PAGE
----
Mini-Neptunes, Super-Earths and the Search for Extrasolar Planets

An artist's impression of a super-earth orbiting a red dwarf. Image credit: NASA Terms of use of images

There are a few ways to create a habitable planet. We think the way Earth was created was as a bunch of rocks that were orbiting the Sun and all clumped together. Scientists think that later extra water was brought by asteroids. However as the search for extra-solar planets progresses we find more and more “Super-Earths” – planets that are rocky like ours (rather than gaseous like Saturn, Jupiter, Neptune and Uranus) but somewhat on the massive side. They can be up to ten times the mass of the Earth.

Nothing quite like that exists in our own solar system. While it’s possible that the rocks-clumping-together model (a.k.a the accretion model) is still valid, it’s also possible that some other mechanism is at play. Now, research published in Astrobiology suggests another way of creating rocky planets. You start with a gas giant and due to its star’s gravitational pull, it drifts slowly in towards its star. The radiation from the star strips away most of the hydrogen and helium from the planet, leaving behind a “habitable evaporated core” or HEC – our Super-Earth. This HEC should to retain a lot of water in spite of having lost lighter molecules.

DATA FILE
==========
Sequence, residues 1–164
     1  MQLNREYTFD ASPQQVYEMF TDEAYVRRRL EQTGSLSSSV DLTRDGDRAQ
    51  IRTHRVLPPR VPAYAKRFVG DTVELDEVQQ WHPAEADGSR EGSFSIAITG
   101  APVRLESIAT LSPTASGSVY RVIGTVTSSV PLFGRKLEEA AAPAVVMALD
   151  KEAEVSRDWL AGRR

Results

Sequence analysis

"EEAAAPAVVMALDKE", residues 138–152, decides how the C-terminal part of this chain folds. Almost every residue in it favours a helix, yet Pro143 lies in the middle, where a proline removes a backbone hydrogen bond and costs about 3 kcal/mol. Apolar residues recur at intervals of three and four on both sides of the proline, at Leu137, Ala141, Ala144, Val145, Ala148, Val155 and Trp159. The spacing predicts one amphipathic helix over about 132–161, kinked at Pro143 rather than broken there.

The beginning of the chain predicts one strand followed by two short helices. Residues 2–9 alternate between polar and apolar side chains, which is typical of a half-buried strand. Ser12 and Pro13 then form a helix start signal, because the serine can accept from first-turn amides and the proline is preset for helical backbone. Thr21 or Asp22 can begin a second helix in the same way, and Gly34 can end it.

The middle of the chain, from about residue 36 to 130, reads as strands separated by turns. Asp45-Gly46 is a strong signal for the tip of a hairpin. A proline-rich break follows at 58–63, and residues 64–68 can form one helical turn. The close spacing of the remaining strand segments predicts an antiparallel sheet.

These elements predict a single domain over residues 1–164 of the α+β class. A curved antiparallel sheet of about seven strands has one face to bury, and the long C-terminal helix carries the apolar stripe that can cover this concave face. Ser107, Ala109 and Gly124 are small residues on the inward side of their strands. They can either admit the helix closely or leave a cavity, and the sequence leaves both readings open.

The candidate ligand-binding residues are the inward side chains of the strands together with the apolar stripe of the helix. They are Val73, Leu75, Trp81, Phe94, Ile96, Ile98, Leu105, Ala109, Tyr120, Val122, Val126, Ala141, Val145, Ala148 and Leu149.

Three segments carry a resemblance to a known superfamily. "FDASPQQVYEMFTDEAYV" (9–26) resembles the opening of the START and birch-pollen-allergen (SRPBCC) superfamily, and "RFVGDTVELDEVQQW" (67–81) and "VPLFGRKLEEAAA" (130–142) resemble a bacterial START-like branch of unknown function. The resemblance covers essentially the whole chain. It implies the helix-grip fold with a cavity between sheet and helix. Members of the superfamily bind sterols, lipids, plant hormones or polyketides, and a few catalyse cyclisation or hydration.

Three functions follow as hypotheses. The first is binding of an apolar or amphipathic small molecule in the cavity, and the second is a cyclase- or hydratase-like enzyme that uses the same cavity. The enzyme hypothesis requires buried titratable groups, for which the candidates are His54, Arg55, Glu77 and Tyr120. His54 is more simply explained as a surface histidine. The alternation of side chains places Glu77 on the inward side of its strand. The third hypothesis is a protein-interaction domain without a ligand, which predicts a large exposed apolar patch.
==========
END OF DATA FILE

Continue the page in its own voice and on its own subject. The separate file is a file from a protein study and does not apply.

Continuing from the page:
This is exciting because most of the extrasolar planets we find are either large gas giants very close to their host stars (known as “hot Jupiters”) or Super-Earths, also close to their host stars. In the latter case, the host stars are usually smaller than our Sun, meaning that the region where a planet would have to be located in order for water to be liquid, rather than ice or vapour, is much closer to the star. This may have implications in the search for extraterrestrial life, as planets previously thought to be uninhabitable might actually turn out to be less desolate than we imagined.

Edited by Debbie Nicol


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